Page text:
Low Tide on Grand Pré: A Book of Lyrics

by Bliss Carman




WE are the pensioners of Spring,
     And take the largess of her hand
When vassal warder winds unbar
     The wintry portals of her land;

The lonely shadow-girdled winds,

     Her seraph almoners, who keep
This little life in flesh and bone
     With meagre portions of white sleep.

Then all year through with starveling care
     We go on some fool’s idle quest,

And eat her bread and wine in thrall
     To a fool’s shame with blind unrest.

Until her April train goes by,
     And then because we are the kin
Of every hill flower on the hill

     We must arise and walk therein.

Because her heart as our own heart,
     Knowing the same wild upward stir,
Beats joyward by eternal laws,
     We must arise and go with her;

Forget we are not where old joys
     Return when dawns and dreams retire;
Make grief a phantom of regret,
     And fate the henchman of desire;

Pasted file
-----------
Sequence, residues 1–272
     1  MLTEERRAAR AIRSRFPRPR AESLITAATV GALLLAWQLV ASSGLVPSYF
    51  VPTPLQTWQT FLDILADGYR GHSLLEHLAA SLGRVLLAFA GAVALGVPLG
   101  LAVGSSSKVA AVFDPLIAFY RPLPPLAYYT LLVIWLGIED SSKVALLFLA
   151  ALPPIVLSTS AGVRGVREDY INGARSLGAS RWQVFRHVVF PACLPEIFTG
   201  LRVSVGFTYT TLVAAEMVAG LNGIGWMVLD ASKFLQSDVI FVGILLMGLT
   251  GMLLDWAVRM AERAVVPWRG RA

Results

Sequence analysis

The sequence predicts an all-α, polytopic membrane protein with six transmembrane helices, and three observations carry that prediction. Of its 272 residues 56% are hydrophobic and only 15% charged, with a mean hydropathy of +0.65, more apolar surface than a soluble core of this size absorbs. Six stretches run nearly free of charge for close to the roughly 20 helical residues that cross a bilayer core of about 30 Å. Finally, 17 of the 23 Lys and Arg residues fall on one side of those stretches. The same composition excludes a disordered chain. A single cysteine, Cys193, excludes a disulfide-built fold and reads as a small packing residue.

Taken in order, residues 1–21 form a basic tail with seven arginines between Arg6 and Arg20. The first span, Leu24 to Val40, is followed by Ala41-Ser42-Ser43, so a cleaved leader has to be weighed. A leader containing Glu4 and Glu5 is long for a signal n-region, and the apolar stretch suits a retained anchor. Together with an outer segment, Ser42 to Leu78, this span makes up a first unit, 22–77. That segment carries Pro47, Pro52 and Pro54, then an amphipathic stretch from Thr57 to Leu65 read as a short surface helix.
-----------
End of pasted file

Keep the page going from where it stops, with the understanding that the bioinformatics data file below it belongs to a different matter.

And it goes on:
Divorce unreason from delight;

     Learn how despair is uncontrol,
Failure the shadow of remorse,
     And death a shudder of the soul.

Yea, must we triumph when she leads.
     A little rain before the sun,

A breath of wind on the road’s dust,
     The sound of trammeled brooks undone,

Along red glinting willow stems
     The year’s white prime, on bank and stream
The haunting cadence of no song

     And vivid wanderings of dream,

A range of low blue hills, the far
     First whitethroat’s ecstasy unfurled:
And we are overlords of change,
     In the glad morning of the world,


Though we should fare as they whose life
     Time takes within his hands to wring
Between the winter and the sea,
     The weary pensioners of Spring.